This film pays homage to a bulwark of African History. And Mr. Mandela will share the same stage with the likes of Narmer, Taharqa, Shaka, Sundiata, and Nkrumah, to mention but a few.

[blockquote cite=”Nelson Mandela”] billclintonWhen Mr. Clinton asks the question, ‘What can America do for Africa?’ He’s asking the wrong question. Instead, he should be asking, ‘how can America work with Africa [Together]?’ [/blockquote]

In the discourse about Apartheid and South Africa, what seems to be missed by sincere partakers is a full appreciation of the nature of the South African fight for freedom – the African National Congress’ (ANC) fight to free South Africa and her people from brutal white settlers – a struggle that was characterized by agony and much nobility.

That nobility – the intrinsic peaceful nature of South Africans – in finding a peaceable solution to the white problem was nevertheless met with hard moral decisions. But these decisions had to be made.

In Mandela: Long Walk to Freedom, Justin Chadwick’s biography of Nelson Mandela, played by the West African actor Idris Elba, seems to convey this agony as well as the nobility of Mr. Mandela’s quest for South Africans to first, regain their lands from white encroachers, and second, fashion a new nation for self-determination.

The ANC will use nonviolence for its struggle to free South Africa, but will resort to the use of force in equal proportion if it is used against us.

It is not that the struggle for independence in South Africa was much different from what had transpired in other parts of the continent. It was the sheer length of the struggle and the pervading and lasting reluctance of the United States, and the remainder of the rest of the world outside Africa, to condemn and to bring to justice the white perpetrators of the injustices against humanity.

Much of the pain experienced in South Africa and much of the agony that still lives on is a suppressed rage at the cruelty and injustice, without a true pragmatic reconciliation, of that apartheid regime.

As Mr. Mandela looked beyond the fury of those moments and calculates the cost of urging violence, we sense the difficulty and frustration with which he accepts his African magnanimity in the face of white brutality, and strives for the reasonable choice – taking the high road.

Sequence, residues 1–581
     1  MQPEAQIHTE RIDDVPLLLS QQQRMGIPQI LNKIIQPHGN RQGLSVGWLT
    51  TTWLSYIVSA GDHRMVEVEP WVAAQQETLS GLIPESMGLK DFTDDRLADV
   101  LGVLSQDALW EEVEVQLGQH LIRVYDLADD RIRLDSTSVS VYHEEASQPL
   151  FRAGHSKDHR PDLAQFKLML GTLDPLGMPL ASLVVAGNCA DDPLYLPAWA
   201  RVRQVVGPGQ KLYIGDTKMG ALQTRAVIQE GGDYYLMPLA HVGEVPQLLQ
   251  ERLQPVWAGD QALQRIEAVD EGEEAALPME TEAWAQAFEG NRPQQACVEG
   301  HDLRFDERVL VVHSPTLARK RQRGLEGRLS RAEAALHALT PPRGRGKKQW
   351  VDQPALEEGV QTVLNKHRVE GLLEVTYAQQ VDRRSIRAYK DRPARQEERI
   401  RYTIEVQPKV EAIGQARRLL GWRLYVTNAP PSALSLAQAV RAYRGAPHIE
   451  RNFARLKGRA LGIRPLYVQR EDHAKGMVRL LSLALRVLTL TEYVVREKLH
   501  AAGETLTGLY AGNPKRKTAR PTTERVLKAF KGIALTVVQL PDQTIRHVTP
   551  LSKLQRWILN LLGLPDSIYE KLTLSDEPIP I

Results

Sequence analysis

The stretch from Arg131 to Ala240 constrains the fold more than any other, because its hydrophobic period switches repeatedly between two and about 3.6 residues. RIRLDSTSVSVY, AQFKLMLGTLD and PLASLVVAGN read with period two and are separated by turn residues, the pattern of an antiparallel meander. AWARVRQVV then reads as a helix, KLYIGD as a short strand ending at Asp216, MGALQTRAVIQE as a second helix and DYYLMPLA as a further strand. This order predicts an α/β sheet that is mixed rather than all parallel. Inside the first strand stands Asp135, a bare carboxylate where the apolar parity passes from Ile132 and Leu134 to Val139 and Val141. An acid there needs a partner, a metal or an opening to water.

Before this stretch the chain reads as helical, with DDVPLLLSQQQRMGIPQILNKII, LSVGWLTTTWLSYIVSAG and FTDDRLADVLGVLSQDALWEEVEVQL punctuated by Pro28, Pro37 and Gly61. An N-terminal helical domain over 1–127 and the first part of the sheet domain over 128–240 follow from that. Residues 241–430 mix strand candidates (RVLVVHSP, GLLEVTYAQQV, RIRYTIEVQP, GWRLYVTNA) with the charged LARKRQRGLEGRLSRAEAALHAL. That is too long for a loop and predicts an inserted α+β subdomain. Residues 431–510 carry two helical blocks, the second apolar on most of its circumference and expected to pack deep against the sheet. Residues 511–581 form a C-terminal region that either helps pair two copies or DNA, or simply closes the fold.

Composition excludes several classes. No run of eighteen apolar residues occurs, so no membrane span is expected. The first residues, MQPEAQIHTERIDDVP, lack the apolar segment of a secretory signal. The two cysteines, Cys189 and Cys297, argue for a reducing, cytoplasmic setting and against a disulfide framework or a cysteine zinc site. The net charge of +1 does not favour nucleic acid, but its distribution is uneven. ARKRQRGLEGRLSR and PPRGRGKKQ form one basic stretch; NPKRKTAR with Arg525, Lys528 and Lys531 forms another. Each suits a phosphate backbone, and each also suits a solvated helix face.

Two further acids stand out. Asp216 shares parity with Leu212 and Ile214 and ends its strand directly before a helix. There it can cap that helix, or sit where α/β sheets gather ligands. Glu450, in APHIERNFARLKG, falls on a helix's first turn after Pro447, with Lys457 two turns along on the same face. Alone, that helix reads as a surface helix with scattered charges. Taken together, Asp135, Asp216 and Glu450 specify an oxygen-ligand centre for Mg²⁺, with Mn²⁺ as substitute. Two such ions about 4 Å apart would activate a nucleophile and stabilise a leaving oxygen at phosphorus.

Though Mr. Elba’s screen presence is one that is considerably beefier than Mr. Mandela in his youth, he wears the same sharp, hyper-alert gaze that Mr. Mandela dawned, in acknowledging the horrors of white supremacy while looking above and beyond its pettiness and small mindedness towards a godly ideal.

It will be farfetched to claim that Mr. Elba, a West African (Ghana & Sierra Leone) who spent most of his formative years in the UK, captures Mr. Mandela’s South African accent with any accuracy. But he tries.

He is convincing as a leader with an unrelenting drive. He makes you feel the almost unimaginable price Mr. Mandela paid by spending 27 years in prison, quarrying stone, separated from his family by several nautical miles, and the anti-apartheid movement on an island off Cape Town. Perhaps his lowest moment comes when he is forbidden to leave the island to bury his own son.

Mr. Elba’s performance is quite impressive given the towering personality that Mr. Mandela was.

But Mr. Elba lends Long Walk to Freedom a Shaka-like breadth and a Mari Djata-like devotion. His Mandela is an intensely emotional man, a Sumanguru Keita of sorts, whose body quakes in moments of sorrow and whose face is stricken with a bone-deep anguish. The carefully chosen words in his eloquent declarations of principle, spoken with gravity and deliberation, remind you of Shaka Zulu himself, and are deeply stirring.

The performances of Naomie Harris — who plays Mr. Mandela’s wife Winnie, a firebrand whose simmering frustration with white oppression and animality erupts intermittently with less controlled anger — give a crucial human dimension to this streamlined, panoramic, epic.

Long Walk to Freedom sustains the measured, inspirational tone of a grand, historical cavalcade. But too many historical events are generalized and compressed into a sweeping storyline. And though some of the gripping, dynamically choreographed scenes of street violence are harrowing; they are short, as the film hurtles forward at breakneck pace.

To Mr. Chadwick (The Other Boleyn Girl) and the screenwriter, William Nicholson, who adapted the script from Mr. Mandela’s autobiography, this is a film with the feel, flow and grandeur of a Hollywood biopic. But Long Walk to Freedom barely glosses Mr. Mandela’s youth or his true life as a leader for the struggle for South African Freedom.

However, this is a commendable step towards understanding the man who has come to mean so much to African magnanimity and occupies a revered rank achieved by great African leaders, for thousands of years, even before Europe was born.


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